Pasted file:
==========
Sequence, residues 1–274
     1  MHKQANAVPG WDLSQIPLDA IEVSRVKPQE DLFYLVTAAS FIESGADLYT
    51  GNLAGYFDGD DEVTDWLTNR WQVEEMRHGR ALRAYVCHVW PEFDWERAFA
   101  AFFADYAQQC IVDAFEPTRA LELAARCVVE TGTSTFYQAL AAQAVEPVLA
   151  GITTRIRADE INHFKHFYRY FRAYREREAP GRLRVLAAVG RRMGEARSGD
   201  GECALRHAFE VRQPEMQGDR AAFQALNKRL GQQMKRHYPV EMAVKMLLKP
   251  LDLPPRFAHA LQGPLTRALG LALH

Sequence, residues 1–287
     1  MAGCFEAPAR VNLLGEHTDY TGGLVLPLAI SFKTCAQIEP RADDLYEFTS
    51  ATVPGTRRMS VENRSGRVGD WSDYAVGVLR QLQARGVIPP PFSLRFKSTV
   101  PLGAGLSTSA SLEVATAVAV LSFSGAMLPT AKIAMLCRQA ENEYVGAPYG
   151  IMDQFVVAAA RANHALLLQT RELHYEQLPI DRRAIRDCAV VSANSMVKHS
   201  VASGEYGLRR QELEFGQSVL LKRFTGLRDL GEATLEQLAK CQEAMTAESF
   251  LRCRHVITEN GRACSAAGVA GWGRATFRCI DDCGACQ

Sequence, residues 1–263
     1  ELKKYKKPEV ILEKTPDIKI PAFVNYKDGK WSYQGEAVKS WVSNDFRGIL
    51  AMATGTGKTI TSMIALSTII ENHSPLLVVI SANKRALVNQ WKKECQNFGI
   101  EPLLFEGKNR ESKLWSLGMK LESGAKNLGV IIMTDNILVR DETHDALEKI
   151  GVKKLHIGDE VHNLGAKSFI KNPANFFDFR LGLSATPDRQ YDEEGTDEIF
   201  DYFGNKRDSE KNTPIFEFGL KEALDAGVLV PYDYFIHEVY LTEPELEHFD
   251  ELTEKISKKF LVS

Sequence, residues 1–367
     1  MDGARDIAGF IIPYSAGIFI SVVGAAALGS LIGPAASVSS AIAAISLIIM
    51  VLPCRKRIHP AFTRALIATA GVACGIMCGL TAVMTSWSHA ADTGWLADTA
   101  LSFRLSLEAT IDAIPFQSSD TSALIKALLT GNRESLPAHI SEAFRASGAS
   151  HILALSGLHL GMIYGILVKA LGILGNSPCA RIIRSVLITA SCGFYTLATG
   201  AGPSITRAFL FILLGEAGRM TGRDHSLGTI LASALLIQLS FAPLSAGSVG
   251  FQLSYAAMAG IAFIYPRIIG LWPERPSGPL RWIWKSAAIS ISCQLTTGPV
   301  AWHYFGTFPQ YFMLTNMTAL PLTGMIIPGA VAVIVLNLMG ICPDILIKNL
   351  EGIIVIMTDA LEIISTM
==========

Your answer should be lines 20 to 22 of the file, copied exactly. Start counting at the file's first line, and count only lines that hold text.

   201  DYFGNKRDSE KNTPIFEFGL KEALDAGVLV PYDYFIHEVY LTEPELEHFD
   251  ELTEKISKKF LVS

Sequence, residues 1–367